Moving on -

If anyone can answer my questions with a more detailed answer I would appriciate it.
My main objective is to keep the trailer original but to allow modification if needed to remain safe.

Thank you
RichardT
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Old 12-10-2005, 10:41 AM   #12
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1964 Bambi II

RichardT:

FWIW, the 1964 17' Bambi II used 7:50 x 14 four ply white side wall tires on 14 inch wheels. It weighted 1950 pounds with a 250 pound hitch weight. The body was lengthened a foot in 1964, hence the "Bambi II" name, but this smallest trailer kept its narrow width (around 78 inches compared to around 84 inches for all larger tailers). What I don't know is whether the wheel wells were also enlarged in 1964 to accomodate the slightly larger tires? Perhaps some Bambi owners will chime in with what size tires they have installed on their 1961-63 Bambis and 1964 Bambi IIs. There's nothing like practical field experience (as opposed to the book learning I post) to provide a useful answer.
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Old 12-12-2005, 05:12 AM   #13
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Question Andy Help!

Quote:
Originally Posted by Inland RV Center, In
RichardT

The original, but inadequate starting angle of the axle was 20 degrees.

Likewise the original 2500 pound rating proved inadequate.
RichardT,

Perhaps Inland Andy can expound on these inadequacies a bit – it sounds like that is the origin of your questions/concerns.

Regards,
Henry
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Old 12-12-2005, 12:16 PM   #14
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Keeping an Airstream "original" is not necessarily a great idea.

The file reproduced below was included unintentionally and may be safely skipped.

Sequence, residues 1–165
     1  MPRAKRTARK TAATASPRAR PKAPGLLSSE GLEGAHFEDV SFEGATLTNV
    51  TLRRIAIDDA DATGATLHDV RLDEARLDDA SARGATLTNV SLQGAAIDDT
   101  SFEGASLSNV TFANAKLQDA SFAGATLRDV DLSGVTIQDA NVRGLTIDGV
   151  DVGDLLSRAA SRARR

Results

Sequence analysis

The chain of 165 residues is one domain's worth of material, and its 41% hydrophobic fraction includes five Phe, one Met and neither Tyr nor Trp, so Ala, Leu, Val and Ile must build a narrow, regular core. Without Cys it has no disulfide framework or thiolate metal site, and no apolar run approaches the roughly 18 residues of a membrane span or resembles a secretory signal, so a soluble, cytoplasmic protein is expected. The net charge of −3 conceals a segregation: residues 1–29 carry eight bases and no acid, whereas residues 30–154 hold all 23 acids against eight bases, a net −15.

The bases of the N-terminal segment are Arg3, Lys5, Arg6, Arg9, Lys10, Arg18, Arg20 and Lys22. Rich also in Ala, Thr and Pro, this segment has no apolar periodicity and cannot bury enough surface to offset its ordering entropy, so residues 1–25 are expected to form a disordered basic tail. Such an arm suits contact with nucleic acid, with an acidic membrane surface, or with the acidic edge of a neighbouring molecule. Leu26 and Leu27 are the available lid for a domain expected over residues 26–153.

We "learn", in time, how to improve them, for many many reasons.

Safety is always an issue, along with safety margins, load carrying capacities and the like.

If you wish to keep the trailer original, that is certainly your choice.

If you wish to update or upgrade it, as most owners chose to do, then that becomes a different matter.

To answer your questions, in detail, for us, is time prohibitive.

We all know, that the product that Airstream builds today, engineering wise, is far removed from those of 20, 30, 40, 50, and 60 years ago.

The idea most owners wish to follow, is to keep the coach "basically the same", but to upgrade and/or improve running gear, appliance, and other systems to todays standards.

In time, history proves what may or may not need to be improved. An Airstream is a product that should be upgraded, with the application of new technology, especially when it comes to safety. That's simply fact, and, good sense.

Tow vehicles today are a far cry from yesteryear. Same reasoning applies.

But once again, each owner can do as they wish.

Our facility stays extremely busy, year round, upgrading and improving the original Airstream designs. The biggest reason, is "SAFETY", followed by convenience, etc.

That safety is for you, your family, and the general public. We all know, that our judicial systems today, favors the injured party, regardless of reason.

We all know that a 14" wheel is better than a 13" wheel, and a 15" is better than a 14". Five lug wheels are better than 4 lug wheels and 6 lug wheels are better than 5 lug wheels. A larger capacity axle, within reason, is highly desired.

Records clearly show, that Airstream, in time, increased the axle capacity on almost every same length trailer.

Why?

Safety and performance, that was dictated by history and technology.

Andy